New Zealand Prime Minister Chris Hipkins’ final remarks on Taiwan and China’s South China Sea are cliches echoing US strategy toward China, but the essence of his speech is to underscore the importance of stabilizing relations with China, which has been deliberately downplayed by some Western media, Chinese analysts said, after some reported Hipkins’ “concerns” about China’s growing influence as a driver of the “increasing competition in the Indo-Pacific”.
In a speech at the China Business Summit on Monday, Hipkins laid out New Zealand’s ties to China. He noted that “it is normal for states to pursue their interests and use all the tools at their disposal to exert regional and international influence…but the rise of China and the way it seeks to exert that influence is also a major driver of growing strategic competition, particularly in our wider home region, the Indo-Pacific,” according to a transcript released by the New Zealand government.
China is a member of Asia-Pacific and has always worked with countries in the region to practice genuine multilateralism and uphold regional peace and stability. Based on mutual respect, China will engage with all parties, including New Zealand, to jointly contribute to regional prosperity and stability, Foreign Ministers’ Spokesman Mao Ning said Monday at the meeting. a routine press conference.
Mao also noted that the Taiwan issue is China’s internal affair and the most important guarantee for cross-strait stability is upholding the one-China principle. In addition, there are no problems on the South China Sea, and it is hoped that relevant countries will respect the efforts of regional countries to defend the stability of the South China Sea.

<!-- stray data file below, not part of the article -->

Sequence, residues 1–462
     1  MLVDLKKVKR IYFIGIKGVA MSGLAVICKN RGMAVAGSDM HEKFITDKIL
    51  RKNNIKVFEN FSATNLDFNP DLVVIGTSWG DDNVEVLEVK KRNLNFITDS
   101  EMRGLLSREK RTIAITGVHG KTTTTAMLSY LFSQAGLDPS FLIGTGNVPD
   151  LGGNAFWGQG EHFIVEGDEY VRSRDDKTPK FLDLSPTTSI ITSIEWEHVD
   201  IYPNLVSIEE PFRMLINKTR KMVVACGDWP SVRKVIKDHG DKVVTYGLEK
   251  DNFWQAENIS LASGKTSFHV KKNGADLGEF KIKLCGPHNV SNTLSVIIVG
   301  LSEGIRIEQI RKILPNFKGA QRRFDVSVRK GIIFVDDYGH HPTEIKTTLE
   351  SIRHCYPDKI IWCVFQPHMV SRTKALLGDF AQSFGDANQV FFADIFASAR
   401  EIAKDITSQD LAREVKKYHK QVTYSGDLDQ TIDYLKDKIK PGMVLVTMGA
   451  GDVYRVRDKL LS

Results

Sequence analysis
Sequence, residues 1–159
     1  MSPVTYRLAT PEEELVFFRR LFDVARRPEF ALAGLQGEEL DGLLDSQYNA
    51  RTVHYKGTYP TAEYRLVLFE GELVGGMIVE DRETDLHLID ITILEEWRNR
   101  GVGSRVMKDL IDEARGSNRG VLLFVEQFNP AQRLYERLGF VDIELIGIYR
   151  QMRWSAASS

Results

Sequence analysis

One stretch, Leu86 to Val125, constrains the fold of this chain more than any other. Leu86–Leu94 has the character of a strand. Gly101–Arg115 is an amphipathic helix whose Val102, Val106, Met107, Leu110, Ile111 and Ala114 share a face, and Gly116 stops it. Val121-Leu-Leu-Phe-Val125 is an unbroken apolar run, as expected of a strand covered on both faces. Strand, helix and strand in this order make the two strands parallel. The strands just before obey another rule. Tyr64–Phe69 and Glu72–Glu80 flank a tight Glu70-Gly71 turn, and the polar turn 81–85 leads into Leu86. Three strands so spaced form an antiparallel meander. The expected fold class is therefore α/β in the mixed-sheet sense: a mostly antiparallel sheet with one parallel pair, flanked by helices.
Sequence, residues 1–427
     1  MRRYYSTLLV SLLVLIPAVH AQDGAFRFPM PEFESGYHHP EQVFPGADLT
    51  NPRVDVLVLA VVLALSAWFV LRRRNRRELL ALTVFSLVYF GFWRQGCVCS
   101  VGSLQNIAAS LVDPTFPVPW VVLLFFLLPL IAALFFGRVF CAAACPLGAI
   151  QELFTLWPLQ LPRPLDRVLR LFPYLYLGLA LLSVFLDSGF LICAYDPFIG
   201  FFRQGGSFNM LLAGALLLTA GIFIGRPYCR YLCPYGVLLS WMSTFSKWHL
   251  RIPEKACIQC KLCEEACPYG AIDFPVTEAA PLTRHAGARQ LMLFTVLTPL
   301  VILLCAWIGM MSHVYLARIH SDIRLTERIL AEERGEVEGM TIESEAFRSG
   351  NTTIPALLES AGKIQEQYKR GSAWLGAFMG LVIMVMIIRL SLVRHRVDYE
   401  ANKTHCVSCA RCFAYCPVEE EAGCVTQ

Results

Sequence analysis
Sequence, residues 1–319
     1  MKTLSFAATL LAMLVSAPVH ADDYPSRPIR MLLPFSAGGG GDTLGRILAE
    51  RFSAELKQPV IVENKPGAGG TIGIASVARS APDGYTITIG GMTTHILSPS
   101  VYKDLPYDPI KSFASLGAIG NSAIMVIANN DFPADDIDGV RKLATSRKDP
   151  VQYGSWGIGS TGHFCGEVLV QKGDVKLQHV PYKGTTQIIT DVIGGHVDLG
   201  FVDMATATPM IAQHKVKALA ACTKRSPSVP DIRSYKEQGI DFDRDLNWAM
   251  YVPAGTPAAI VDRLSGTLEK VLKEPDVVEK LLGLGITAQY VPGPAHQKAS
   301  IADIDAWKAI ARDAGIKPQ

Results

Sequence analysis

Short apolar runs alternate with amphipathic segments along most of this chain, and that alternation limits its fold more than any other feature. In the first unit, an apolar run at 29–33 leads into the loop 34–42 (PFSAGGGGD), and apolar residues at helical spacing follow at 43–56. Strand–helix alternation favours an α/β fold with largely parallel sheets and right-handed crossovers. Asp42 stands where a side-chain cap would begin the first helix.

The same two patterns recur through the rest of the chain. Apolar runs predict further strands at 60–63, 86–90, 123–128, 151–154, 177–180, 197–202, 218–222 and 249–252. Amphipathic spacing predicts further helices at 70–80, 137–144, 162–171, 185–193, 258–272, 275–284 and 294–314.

Hipkins’ speech, which outlined the New Zealand leader’s China policy after his first visit to China in June, which has helped expand cooperation in the economy, trade, education, technology, tourism and other fields, has been ignored by some Western media. The Guardian on Monday highlighted Hipkins’ remarks on China’s growing influence as “a major driver of growing strategic competition”, particularly in the Indo-Pacific.
Hipkins’ remarks on the Taiwan issue and the South China Sea were repeated cliches echoing US strategy toward China. However, compared to the rhetoric used by other Western allies of the United States, the New Zealand leader’s remarks were “much more toned down” and the essence of Hipkins’ speech is to stabilize China-New Zealand relations. , Chen Hong, director of the Center for New Zealand Studies at East China Normal University, told China Direct on Monday.
During Monday’s speech, Hipkins took more time to talk about economic and people-to-people ties between China and New Zealand, and the importance of continuing to engage with China, which has been deliberately understated by these Western media, analysts said.
Chen said Hipkins’ Monday speech was more like a comprehensive outline of his China policy after he was sworn in as New Zealand’s prime minister in January, and it shows New Zealand has stopped placing the United States United at the center of its foreign policy, a position that has also been adopted by Australia, making China a center of its diplomacy.
The speech, as well as Hipkins’ visit to China in June, also showed that he has a strong focus on stabilizing and improving relations with China, as it meets New Zealand’s national interests. and help him lead the Labor Party to win the next general election. elections, Chen said.
While New Zealand enjoys stable relations with China, analysts have also warned that it should also remain vigilant against some hawkish politicians pushing for a tougher stance from China as well as pressure from Australia. and the United States to sow discord and disrupt bilateral relations.’
This article is originally published on chinedirect.net